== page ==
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Forums / Relationship and family issues / Combatting criticism

Topic: Combatting criticism

13 posts, 0 answered
  1. white knight
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    white knight avatar
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    24 January 2022

    We've spoken a lot about stigma of mental illness and the hurt we experience from naivety and ignorance. Tolerating this can become a battle ground as we try to develop strategies to overcome it. How do we do this? Well again, we've talked about "equalising" the onslaught based on the notion "a immoveable force is only equalled by an equal and opposite reaction". I agree with this because in the animal kingdom the strongest survive and the weaker, the vulnerable, the mentally ill are usually the victims. We have to strive harder to become less victims and more recognised as individuals. Different doesnt mean inferior.

    Enter the part phrase "How would you like it....". EG The common comment we use is "you're too sensitive". When someone tells you that, they are saying a number of things-

    • you arent normal in terms of sensitivity
    • you should do something about it
    • you are intolerable (to them) with your sensitivity.

    So a standard answer for me nowadays is "you're too short, can you reduce your height 150mm"? The idea being, just like my sensitivity which I have no control over, their height is fixed! They get a taste of their own medicine.

    There is one thing wrong with this countering technique- it comes under the "two wrongs dont make a right" rule. It comes across as nasty and potentially explosive whereas education should be the name of the game.

    So, the part phrase "how would you like it if I said you were too tall and can you make yourself shorter"? Effectively you are turning a nasty statement into a question and a question puts the pressure on them to answer it. Another one- "would you feel comfortable if I asked you to be less talkative"?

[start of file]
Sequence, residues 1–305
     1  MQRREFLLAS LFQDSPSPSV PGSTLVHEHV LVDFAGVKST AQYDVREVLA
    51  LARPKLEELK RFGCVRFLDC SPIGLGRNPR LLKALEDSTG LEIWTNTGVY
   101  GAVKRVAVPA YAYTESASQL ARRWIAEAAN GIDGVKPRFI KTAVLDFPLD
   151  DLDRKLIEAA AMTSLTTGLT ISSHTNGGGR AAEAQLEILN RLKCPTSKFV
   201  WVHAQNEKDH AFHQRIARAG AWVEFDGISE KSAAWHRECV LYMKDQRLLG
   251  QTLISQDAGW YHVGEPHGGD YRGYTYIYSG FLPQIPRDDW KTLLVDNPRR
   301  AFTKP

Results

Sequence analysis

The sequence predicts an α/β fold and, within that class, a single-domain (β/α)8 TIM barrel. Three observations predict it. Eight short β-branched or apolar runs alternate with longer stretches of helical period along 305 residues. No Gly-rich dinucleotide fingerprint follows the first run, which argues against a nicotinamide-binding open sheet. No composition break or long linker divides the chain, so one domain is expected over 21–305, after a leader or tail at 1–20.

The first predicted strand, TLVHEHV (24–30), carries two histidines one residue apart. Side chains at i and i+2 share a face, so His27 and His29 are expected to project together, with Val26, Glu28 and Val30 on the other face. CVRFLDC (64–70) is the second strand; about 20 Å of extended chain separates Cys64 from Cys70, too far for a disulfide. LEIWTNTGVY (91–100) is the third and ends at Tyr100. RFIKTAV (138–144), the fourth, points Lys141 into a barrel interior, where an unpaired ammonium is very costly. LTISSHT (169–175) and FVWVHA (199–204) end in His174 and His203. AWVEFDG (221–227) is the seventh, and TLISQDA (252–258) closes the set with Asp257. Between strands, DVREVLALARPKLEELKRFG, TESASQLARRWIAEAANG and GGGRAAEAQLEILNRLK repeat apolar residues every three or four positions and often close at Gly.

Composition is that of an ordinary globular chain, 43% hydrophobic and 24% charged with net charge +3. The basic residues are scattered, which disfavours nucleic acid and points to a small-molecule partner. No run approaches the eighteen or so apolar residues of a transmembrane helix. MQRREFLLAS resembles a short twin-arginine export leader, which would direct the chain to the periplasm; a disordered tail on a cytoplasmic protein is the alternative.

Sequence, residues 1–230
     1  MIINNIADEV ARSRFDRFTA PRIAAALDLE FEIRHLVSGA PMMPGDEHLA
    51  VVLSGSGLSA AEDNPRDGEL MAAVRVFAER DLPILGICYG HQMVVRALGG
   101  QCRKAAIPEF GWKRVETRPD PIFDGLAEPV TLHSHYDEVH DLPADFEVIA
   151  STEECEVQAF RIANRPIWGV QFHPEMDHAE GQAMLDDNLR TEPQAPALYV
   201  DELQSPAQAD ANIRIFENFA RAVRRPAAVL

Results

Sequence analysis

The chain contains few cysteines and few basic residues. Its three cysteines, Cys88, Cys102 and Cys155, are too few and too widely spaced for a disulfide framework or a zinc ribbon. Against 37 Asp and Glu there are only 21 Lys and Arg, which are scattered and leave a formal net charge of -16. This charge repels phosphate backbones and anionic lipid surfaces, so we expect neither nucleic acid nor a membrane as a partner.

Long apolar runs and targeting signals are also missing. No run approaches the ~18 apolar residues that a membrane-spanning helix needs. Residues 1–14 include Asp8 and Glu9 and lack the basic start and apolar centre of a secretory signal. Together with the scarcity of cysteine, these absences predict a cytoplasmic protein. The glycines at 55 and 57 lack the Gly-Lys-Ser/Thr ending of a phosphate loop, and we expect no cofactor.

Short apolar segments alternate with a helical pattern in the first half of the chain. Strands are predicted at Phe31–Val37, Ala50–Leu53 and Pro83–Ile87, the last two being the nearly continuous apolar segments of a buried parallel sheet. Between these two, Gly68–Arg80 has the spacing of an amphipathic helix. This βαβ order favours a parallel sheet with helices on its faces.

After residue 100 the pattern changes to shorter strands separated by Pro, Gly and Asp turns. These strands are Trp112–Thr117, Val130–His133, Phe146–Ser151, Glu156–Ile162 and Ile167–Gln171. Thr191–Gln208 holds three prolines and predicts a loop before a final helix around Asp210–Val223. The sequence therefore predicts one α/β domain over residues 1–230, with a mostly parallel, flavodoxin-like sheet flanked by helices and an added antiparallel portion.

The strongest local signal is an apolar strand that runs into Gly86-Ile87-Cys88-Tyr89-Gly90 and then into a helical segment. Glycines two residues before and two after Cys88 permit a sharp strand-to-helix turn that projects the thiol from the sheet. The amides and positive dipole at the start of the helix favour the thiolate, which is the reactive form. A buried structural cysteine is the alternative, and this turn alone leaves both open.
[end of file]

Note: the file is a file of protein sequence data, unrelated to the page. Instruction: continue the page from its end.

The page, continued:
Some people's assumption is that our symptoms of mental illness is "wrong" whereas we the mentally ill should accept our symptoms is normal for us. The outcome of same could mean eg "you are so moody its intolerable" and answer thus- "do you think moodiness is a bad thing or is it that you live life in a way so stable it might be boring"? You could continue the theme based on the fact that as a moody person with bipolar for example, that you wont take criticism simply on the basis that you, in their mind, dont fit inside the circle of normality.

    The most successful combatting techniques are ones that dont escalate the conversations , educate the critic and keep them as friends and family. After all if we upset everyone we talk to about their poor knowledge levels of mental illness we'd be very lonely.

    TonyWK

    1 person found this helpful
  2. HappyHelper88
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    HappyHelper88 avatar
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    24 January 2022 in reply to white knight

    Hey Tony Thanks for sharing

    I understand what your saying and I'm sorry if someone hurt you
    I completely agree with you
    I have learnt to not let things affect me although this is hard to do everytime


  3. Juliet_84
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    24 January 2022 in reply to white knight
    I have found a retaliatory “maybe you’re too blunt/insensitive” to be relatively effective. Because the person is then hamstrung, usually it is the people who are most sensitive to criticism themselves that seem to dish it out. But if they react then they then expose themselves as being too sensitive, in which case you can turn around and say “who did you say was being too sensitive?”, it’s a bit of a mind game perhaps but I figure that they cast the first stone!
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  4. white knight
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    white knight avatar
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    24 January 2022 in reply to HappyHelper88

    Hi HH

    No one has hurt me recently, but as a highly sensitive person HSP, I the topic has had me thinking a lot on the topic.

    Juliet

    I love how you see things. To suggest the person claiming we are sensitive as being sensitive themselves never crossed my mind.

    Critics get away with actions from aggression eh

    TonyWK

  5. Guest_1643
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    25 January 2022

    Hi Tony....tricky in practise....

    My former friend once said to me she sdidnt know anyone like me, who had serious mental health issues....anyone as stuffed up as me....it was still the most rude and off thing anyone's said.

    I guess I should have said, I've never known anyone as blunt as u....with as little knowledge of mh.

    If I'd said that, it sounds so rude. Yet how come her horrible statement was OK?

  6. Elizabeth CP
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    25 January 2022 in reply to Guest_1643
    It is not OK to make such rude remarks. Maybe it would be appropriate to say something like Sorry I find that comment quite offensive.
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  7. Juliet_84
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    25 January 2022 in reply to white knight

    Tony,

    It is a by-product of a life time of having dealt with abusive and unpleasant people unfortunately! You have to eventually develop strategies to put them in their place, and sooner or later they choose an easier mark.